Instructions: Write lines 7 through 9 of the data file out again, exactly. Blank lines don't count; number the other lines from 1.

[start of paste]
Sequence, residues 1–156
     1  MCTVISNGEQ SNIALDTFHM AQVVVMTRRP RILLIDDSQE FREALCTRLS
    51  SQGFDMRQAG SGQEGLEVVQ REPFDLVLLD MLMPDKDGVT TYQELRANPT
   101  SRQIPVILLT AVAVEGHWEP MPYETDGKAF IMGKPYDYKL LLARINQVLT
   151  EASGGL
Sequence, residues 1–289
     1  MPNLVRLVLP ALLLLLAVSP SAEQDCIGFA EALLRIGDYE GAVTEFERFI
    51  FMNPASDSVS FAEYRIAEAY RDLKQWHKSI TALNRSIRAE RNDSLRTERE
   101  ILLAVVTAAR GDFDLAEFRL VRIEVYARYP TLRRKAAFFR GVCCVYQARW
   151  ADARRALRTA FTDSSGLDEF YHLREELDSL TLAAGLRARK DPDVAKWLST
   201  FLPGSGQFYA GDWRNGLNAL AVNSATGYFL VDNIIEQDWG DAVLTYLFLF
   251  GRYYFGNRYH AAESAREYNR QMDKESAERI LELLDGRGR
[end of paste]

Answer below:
     1  MPNLVRLVLP ALLLLLAVSP SAEQDCIGFA EALLRIGDYE GAVTEFERFI
    51  FMNPASDSVS FAEYRIAEAY RDLKQWHKSI TALNRSIRAE RNDSLRTERE
   101  ILLAVVTAAR GDFDLAEFRL VRIEVYARYP TLRRKAAFFR GVCCVYQARW